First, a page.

Iron Deficiency: World’s Most Common Nutritional Disorder

Iron Deficiency: World’s Most Common Nutritional Disorder

Written by Dr. M. Ling, 2 September 2013

Do you regularly experience any of the following?

  • Fatigue
  • Weakness
  • Poor concentration and memory
  • Poor sleep
  • Low, listless moods
  • Painful joints after exercise (even brief walks or climbing of stairs)
  • Increased tendency to catch colds or flus
  • Restless leg syndrome
  • Dizziness or faintness
  • Heart palpitations
  • Dry, dull, brittle hair
  • Flattened, thin, brittle, or spoon-shaped nails
  • Paleness (in skin, nails, eyes, lips, menstrual blood)

If so, check your iron levels.  According to the World Health Organization (WHO), over 30% of the global population suffers anemia.  While iron deficiency can lead to anemia, they are not the same.  The difference is in severity of the above symptoms.  This makes iron deficiency – a pre-anemia condition – the most common and widespread nutritional disorder in the world.

Unless blood tests show a person has obvious anemia, those with iron deficiency fall through a major crack in the medical system.  Despite ONE in FOUR woman suffering iron deficiency symptoms, and sub-par iron levels causing anemia in up to 30% of seniors, as well as up to 25% of teenagers in the U.S. found to be pre-anemic, iron deficiency is NOT routinely tested during medical examinations.

There are three stages of iron deficiency: first, the body’s iron stores in the liver (serum ferritin) begin to drop.  Then, red blood cells decrease in size and richness of colour (microcytic).  Third, the level of iron currently used in the blood, known as hemoglobin, begins to drop.  If hemoglobin drops below normal range, then this is already considered anemia.

Thus, in terms of modern medical technology, hemoglobin is the last marker to show decreasing iron levels.  Common tests for iron only check hemoglobin.  However, if a serum ferritin test is conducted, iron deficiency can be diagnosed much earlier, before symptoms become far worse and more prolonged.

In Traditional Chinese Medicine, a skilled doctor can also detect iron deficiency through palpating the pulse on the wrists.

Iron Sufficiency of Canadians


According to a Statistics Canada survey conducted 2009-2011, the average hemoglobin concentration among Canadians aged 3 to 79 was 142 g/L.  Concentrations were significantly higher among males than females.

Normal range level for hemoglobin is typically 130 – 180 g/L* (see NOTE below).  Measures below 130 g/L are already considered to be cases of anemia, which can be a result of iron deficiency, or other causes (such as vitamin B12 deficiency or excessive bleeding).

For both sexes, hemoglobin values tended to be relatively low among the youngest and oldest age groups, with the lowest average among children aged 3 to 5 (127 g/L).  The average concentration among males was highest at ages 20 to 49 (153 g/L).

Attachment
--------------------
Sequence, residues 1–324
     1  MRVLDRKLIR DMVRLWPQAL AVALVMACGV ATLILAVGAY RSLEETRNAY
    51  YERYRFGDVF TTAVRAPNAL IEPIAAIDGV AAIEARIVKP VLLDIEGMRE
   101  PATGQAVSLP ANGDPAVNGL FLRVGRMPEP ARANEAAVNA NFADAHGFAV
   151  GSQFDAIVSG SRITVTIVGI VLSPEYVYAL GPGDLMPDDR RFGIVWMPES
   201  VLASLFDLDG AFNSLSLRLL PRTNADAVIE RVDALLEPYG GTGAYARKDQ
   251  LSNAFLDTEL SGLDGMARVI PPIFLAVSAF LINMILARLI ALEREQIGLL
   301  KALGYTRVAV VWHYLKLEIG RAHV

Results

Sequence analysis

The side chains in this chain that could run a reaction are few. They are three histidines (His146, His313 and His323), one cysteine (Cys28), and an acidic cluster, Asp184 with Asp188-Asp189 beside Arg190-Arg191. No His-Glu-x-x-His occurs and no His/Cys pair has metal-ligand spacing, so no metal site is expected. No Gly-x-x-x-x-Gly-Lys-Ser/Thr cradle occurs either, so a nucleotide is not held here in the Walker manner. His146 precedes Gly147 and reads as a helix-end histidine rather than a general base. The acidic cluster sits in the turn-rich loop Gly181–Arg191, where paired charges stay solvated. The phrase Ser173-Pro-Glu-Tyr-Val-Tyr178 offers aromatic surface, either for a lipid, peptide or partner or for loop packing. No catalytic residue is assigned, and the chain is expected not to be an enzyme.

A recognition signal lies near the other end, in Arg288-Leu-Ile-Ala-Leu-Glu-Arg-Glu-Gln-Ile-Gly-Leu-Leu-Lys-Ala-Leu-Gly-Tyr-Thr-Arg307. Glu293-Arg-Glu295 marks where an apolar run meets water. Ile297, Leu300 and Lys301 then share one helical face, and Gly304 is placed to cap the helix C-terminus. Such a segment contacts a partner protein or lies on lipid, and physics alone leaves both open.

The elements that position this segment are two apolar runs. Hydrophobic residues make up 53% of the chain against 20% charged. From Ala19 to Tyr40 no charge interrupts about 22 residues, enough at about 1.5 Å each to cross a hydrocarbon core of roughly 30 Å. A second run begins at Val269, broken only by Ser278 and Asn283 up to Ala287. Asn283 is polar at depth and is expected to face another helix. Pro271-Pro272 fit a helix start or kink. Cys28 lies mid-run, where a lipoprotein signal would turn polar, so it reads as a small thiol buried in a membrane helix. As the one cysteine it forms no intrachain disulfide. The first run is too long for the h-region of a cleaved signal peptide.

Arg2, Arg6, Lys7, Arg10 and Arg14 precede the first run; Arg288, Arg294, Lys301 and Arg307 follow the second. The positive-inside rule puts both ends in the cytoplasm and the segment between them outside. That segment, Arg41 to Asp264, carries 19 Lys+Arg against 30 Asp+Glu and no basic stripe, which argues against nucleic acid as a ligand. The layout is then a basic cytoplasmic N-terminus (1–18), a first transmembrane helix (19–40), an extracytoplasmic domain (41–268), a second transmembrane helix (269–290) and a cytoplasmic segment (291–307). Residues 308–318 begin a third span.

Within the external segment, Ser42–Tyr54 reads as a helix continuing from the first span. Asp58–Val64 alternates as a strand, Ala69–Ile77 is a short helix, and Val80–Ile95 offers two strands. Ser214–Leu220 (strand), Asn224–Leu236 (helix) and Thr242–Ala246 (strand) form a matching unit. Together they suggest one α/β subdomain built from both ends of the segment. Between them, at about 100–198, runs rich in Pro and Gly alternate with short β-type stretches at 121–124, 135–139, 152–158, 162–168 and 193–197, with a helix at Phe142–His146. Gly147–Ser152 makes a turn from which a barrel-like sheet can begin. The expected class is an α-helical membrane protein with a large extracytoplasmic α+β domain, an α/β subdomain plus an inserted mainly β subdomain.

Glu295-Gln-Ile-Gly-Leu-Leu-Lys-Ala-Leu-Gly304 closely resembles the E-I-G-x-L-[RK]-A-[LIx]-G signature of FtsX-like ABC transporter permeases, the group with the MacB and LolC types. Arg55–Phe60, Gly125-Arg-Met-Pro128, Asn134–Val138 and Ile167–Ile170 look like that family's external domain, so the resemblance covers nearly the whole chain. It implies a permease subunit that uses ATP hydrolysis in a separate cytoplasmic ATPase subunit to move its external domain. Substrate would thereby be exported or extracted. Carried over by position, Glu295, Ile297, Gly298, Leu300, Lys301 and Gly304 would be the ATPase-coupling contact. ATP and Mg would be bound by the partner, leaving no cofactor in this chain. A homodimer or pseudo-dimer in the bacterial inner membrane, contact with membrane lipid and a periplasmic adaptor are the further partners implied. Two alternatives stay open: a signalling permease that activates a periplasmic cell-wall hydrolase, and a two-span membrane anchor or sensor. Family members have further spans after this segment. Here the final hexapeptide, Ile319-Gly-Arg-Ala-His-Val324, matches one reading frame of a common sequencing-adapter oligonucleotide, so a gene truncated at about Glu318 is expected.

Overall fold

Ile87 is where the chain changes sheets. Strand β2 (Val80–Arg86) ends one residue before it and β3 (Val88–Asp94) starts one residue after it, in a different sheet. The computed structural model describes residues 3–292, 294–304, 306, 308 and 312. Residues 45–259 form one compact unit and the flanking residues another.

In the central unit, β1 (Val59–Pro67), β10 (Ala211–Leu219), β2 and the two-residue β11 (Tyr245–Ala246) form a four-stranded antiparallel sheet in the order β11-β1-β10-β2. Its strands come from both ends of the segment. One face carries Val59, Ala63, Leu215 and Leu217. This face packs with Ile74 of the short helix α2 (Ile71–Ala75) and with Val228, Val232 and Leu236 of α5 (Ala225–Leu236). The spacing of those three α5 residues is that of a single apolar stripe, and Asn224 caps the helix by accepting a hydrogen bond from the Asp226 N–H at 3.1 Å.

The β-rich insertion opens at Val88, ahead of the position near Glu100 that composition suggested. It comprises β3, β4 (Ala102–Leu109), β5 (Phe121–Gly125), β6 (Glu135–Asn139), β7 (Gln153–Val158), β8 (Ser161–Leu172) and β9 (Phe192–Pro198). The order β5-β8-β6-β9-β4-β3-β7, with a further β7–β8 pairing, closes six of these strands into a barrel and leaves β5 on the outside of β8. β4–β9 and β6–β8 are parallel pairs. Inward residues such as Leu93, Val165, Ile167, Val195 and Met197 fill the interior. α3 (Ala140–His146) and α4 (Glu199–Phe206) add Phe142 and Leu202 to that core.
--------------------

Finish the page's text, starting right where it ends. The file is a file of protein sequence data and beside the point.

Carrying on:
For females above age 5, average concentrations were consistent across age groups (132 to 136 g/L).

Serum Ferritin

Survey results found that the average serum ferritin concentration among Canadians was 81 μg/L.

Concentrations were significantly higher among males than females.  Data was found as follows:

Females: ages 12 – 19           Females: ages 65 – 79
32 μg/L                                    89 μg/L

Males: ages 6 – 11                Males: ages 50 – 64
40 μg/L                                   166 μg/L

Normal levels of serum ferritin generally range from 14 – 180 μg/L* (see NOTE below).  Measures below 50 μg/L suggest iron deficiency, and by the time serum ferritin has dropped below 14 μg/L, very likely hemoglobin has also dropped to the lowest, if not below range.

Although the normal ranges for hemoglobin and serum ferritin are very broad, and Statistics Canada considers 96-97% of Canadians to have sufficient iron, the symptoms listed at the beginning of this article can begin to show when measures drop below 140 g/L and 50 μg/L, respectively.

From a TCM view supported through repeated similar findings across multiple clinical cases I observe in my clinic, these are strong markers for iron deficiency.  It needs to be corrected in order for a person’s total health to improve.

What to Do?

The simplest way to correct iron deficiency is through using food as medicine.  Iron-rich foods include green smoothies, dark green leafy vegetables such as spinach, kale, aragula, gailan, and seaweed as well as raisins, prunes, apricots, lean meats, and eggs.

In cases needing greater support, there are options to take synthetic pill-form iron, liquid iron, spirulina and Traditional Chinese Medicine (TCM).  Compared with acupuncture, a common treatment method within TCM, taking Chinese herbs for iron deficiency is more effective than only receiving acupuncture.

Chinese medicine herbs provide an excellent natural plant-based source of iron.  Formulas proven over centuries have been used to strengthen and nourish blood to improve a person’s total vitality.  The advantage of Chinese herbs is that formulas are custom-tailored specifically to benefit a person’s constitution and specific health issues.

If you suspect yourself to have iron deficiency, visit your trusted health professional for a check-up.

* NOTE: Normal range levels for hemoglobin and serum ferritin used in this 2009-2011 Statistics Canada survey were not provided, and are thus based on the ranges used in common medical lab reports.  Some medical labs use a range of 120 – 150 g/L as normal range for hemoglobin.

Dr. Mee Lain Ling